ISSN (Print) - 0012-9976 | ISSN (Online) - 2349-8846

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Beyond Telangana Sentiment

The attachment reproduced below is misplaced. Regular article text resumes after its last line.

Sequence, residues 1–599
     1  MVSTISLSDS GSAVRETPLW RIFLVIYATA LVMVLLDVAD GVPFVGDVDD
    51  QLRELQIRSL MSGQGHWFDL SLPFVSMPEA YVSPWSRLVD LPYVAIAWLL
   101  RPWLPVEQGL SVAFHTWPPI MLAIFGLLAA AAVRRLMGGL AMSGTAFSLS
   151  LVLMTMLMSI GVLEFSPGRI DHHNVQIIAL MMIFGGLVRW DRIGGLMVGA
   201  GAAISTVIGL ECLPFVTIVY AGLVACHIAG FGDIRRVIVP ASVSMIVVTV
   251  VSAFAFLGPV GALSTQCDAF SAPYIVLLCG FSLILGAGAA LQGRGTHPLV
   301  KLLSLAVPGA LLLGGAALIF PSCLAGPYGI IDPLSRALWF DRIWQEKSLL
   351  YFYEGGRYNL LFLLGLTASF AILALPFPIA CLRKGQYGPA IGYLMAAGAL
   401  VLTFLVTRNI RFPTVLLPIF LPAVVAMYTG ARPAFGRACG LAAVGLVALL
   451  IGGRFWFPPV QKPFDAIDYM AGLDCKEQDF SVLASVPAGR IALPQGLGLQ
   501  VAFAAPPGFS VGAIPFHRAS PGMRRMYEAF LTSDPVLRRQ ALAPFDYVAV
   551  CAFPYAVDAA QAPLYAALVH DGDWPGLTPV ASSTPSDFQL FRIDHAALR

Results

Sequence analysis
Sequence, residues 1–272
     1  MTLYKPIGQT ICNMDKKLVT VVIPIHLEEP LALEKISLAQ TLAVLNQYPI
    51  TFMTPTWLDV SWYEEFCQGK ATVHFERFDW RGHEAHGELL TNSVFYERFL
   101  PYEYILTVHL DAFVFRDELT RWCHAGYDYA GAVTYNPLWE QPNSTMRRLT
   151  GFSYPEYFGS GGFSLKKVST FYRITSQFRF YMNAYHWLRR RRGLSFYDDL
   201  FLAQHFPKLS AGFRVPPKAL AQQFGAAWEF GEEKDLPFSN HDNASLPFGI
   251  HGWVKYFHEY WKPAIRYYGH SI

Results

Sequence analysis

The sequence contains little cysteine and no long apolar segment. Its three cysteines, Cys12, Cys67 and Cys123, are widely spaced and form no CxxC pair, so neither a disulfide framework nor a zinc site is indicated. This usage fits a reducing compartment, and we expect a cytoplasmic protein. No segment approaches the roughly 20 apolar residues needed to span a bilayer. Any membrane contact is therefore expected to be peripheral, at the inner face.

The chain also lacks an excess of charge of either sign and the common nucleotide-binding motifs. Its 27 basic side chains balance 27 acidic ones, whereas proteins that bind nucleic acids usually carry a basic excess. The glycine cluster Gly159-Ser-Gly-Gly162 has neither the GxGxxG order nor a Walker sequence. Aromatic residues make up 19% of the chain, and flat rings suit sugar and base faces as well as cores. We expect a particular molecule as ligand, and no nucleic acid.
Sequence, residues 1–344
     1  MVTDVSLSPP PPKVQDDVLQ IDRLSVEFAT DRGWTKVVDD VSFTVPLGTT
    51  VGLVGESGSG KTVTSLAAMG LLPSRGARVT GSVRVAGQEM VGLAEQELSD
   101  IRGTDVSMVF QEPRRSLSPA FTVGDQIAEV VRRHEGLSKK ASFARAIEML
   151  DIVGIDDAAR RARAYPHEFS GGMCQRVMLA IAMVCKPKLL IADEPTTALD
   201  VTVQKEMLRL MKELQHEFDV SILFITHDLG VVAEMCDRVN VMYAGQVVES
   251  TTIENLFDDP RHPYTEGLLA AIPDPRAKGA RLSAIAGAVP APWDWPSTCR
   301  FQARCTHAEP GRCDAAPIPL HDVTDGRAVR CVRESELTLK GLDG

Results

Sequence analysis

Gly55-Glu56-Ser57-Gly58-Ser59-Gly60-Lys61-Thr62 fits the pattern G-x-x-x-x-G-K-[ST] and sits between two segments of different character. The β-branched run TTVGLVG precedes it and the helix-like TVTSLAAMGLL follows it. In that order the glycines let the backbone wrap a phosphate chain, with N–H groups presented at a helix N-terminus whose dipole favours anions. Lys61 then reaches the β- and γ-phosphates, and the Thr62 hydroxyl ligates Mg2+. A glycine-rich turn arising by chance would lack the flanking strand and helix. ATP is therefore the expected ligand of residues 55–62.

The return of patronage culture in Telangana calls for a re-examination of democratic claims made on behalf of “Telangana’s cultural turn.” This turn to the centrality of sentiment, emotion, even death, in political mobilisation sought to break culture’s links with the Telugu language and its dominant caste speakers and resituate it as an expression of the region’s democratic demands. Cultural resources of the Adivasi, Dalit and backward castes, such as dialect, songs and performances were deemed “authentic” sites of regional identity even as these were widely disseminated through audiovisual media such as posters, newspapers, and internet between 2001 and 2014. Post-separation marginalised groups are unable to reclaim these cultural resources to further their demands of political representation, as political culture is now mediated by institutions of a postcolonial state and the ruling Telangana Rashtra Samithi party’s welfare–patronage policies. Marginalised castes are also unable to move towards a common ethical and moral standard as culture is seen from the restricted logic of politics of representation.
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